Mr Speaker, the Financial Services sector continues to grow, as does the wider business support community. Firms are busier than ever before and employment opportunities continue to outstrip those available in the market place in both financial services and gaming.
The Gibraltar insurance market continues to grow. By far, the largest sector is motor insurance and we estimate that Gibraltar’s share of the UK motor insurance market is close to 30%. As a jurisdiction, we have seen tremendous growth over the last nine years. In my time in Parliament since 2013, I have watched Gibraltar’s share of the UK motor insurance market grow from some 12% to the 30% it is currently at. All this despite Brexit, despite COVID and the many other challenges we have faced and continue to face. It is a real testament to the professionalism and entrepreneurial skill of this sector.
Today, we have over 40 insurance companies writing new business and collectively the gross premiums of all these insurance companies is well in excess of £5 billion.
In the DLT/Blockchain space we continue to thrive and innovate;
Presently, the GFSC account for the following regulated entities in this sector:
- 15 DLT Regulatory Framework permissions;
- 17 Initial Coin Offering’s registered under the Proceeds of Crime Act:
- 3 firms permissioned as Virtual Asset Arrangement Providers
- 1 full bank permission;
- There are a growing number of “crypto hedge funds” domiciled in Gibraltar. In 2020 the market was estimated as having US$3.8 billion AuM, with some 9% of these funds domiciled in Gibraltar;
- There is also a strong pipeline of new applicants at different stages of the regulatory process.
It goes without saying that all of the aforementioned create fees, employment, taxation and a general contribution to GDP as well as a deserved reputation internationally for supporting innovation and leading edge multinational technology firms.
We have continued to work closely with GFIA, the Association and the sector generally. They are professional, energetic and innovative and it has been a real pleasure to work with them this as in every other year. We meet regularly and as a result of their work we have introduced significant new and exciting legislation for the Industry, with more to come. My sincere thanks to Jay Gomez, James Lasry and Jonathan Garcia.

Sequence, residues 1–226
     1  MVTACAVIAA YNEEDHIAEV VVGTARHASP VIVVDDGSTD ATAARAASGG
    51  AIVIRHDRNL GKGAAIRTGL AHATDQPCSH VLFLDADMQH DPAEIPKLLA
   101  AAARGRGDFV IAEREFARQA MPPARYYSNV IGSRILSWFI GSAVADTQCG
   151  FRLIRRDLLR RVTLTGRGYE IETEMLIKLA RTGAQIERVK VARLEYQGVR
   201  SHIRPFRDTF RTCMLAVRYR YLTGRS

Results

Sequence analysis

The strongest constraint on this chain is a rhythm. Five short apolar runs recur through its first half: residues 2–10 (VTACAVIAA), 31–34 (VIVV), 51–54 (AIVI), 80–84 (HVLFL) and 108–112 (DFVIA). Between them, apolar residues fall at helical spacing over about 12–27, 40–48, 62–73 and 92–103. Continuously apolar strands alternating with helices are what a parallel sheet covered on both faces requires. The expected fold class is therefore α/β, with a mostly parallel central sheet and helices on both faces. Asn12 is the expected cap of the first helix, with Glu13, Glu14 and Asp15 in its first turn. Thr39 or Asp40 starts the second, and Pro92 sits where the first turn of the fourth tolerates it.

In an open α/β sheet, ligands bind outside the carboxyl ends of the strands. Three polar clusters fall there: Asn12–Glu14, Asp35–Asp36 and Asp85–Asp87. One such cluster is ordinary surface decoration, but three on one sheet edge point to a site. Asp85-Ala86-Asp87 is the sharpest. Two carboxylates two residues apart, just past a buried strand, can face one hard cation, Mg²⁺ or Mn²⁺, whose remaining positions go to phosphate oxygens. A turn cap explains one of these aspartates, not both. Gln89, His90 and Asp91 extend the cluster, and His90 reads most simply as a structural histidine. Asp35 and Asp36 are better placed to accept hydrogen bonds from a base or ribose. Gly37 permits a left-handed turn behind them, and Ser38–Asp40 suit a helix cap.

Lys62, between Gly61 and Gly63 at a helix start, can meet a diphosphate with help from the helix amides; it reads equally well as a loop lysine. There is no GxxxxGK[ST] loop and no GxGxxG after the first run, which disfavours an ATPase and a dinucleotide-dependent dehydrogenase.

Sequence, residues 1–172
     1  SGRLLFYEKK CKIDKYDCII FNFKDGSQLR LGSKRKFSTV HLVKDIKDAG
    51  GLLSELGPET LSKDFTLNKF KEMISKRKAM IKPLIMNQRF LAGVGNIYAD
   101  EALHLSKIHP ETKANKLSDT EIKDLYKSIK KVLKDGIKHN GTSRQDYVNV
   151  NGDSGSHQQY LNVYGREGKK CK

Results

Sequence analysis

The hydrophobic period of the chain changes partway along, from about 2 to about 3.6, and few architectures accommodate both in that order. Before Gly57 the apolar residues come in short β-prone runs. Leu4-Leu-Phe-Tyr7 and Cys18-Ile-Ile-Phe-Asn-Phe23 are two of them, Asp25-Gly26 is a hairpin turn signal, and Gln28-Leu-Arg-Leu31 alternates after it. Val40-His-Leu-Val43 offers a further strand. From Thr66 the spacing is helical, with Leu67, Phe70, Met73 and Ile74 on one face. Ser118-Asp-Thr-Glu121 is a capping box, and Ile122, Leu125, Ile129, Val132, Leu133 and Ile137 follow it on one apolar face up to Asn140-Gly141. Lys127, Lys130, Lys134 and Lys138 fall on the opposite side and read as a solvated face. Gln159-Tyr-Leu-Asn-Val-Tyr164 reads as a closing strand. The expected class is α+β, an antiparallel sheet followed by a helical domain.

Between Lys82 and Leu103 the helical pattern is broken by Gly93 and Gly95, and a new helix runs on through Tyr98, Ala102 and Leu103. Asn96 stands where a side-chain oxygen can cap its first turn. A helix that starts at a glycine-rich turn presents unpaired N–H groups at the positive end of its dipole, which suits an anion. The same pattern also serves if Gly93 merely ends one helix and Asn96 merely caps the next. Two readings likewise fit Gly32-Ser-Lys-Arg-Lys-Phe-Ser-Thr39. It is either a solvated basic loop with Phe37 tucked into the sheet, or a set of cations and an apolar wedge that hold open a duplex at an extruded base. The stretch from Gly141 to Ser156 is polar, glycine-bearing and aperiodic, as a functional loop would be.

We continue to work with HM Treasury on the delivery of the GAR regime which is on course to be implemented in Q1 of 2024. This will, as Parliament knows, confirm our market access to the UK Financial Services market which is so critical to our financial services community. I am grateful to the team at Treasury with whom we are working on this, as well as Jimmy Tipping and Julian Sacarello from the GFSC who are leading on this important work.
Legislation and Governance
Mr Speaker, over the last financial year we have;
- In April, the Government published new regulations setting the standard for market integrity in the virtual asset space. This “10th Core Principle” is the first time that any Jurisdiction globally has established market integrity standards mirroring those in traditional markets. My thanks to the many individuals both in Gibraltar and abroad who have contributed to this working group alongside private sector firms, the GFSC and Gibraltar Finance.
- In December 2021, a working group was established to review the Central Securities Depository Regulations (CSDR) which has now reported back to me with their recommendations. The working group included industry and legal experts in this field together with the GFSC and Gibraltar Finance.
- In December 2021, the Government announced that we will begin a process by which we will integrate blockchain technology to complement our eGovernment systems. The technology builds upon and enhances the functionality provided by eServices, with the focus of the initial phase being to enable users to store government-issued and certified credentials in a digital wallet. We are grateful to our partners in this enterprise, IOV Labs and Bitso.
- GANT has in Q3 of 2021 established a working group, which includes industry representatives and Gibraltar Finance which will, in due course, provide guidance and recommendations on the DeFi space and how Gibraltar can safely engage further in this industry..
- On the 26 November 2021, we announced, after a rigorous review and consultation process with GFIA, the Limited Partnerships Act and the Protected Cell Limited Partnerships Act. This new framework keeps our legislation up to date, competitive and able to attract business globally.
- On 30th March 2022, after a long but beneficial engagement with GFIA we announced new legislation to allow for a dual funds regime for Experienced Investor Funds. Gibraltar is now in the position to maintain its long established AIFMD compliant funds management regime (which has direct access to the United Kingdom) whilst also allowing Experienced Investor Funds to opt out of this regime when targeting global audiences.
- In June 2022 Gibraltar was recognised in the PWC 4th Annual Global Crypto Hedge Fund Report the 3rd Best Jurisdiction to set up your Crypto Hedge Fund. This is the second year running that we rank 3rd in this report. My congratulations to the sector.
The Public/Private Sector Partnership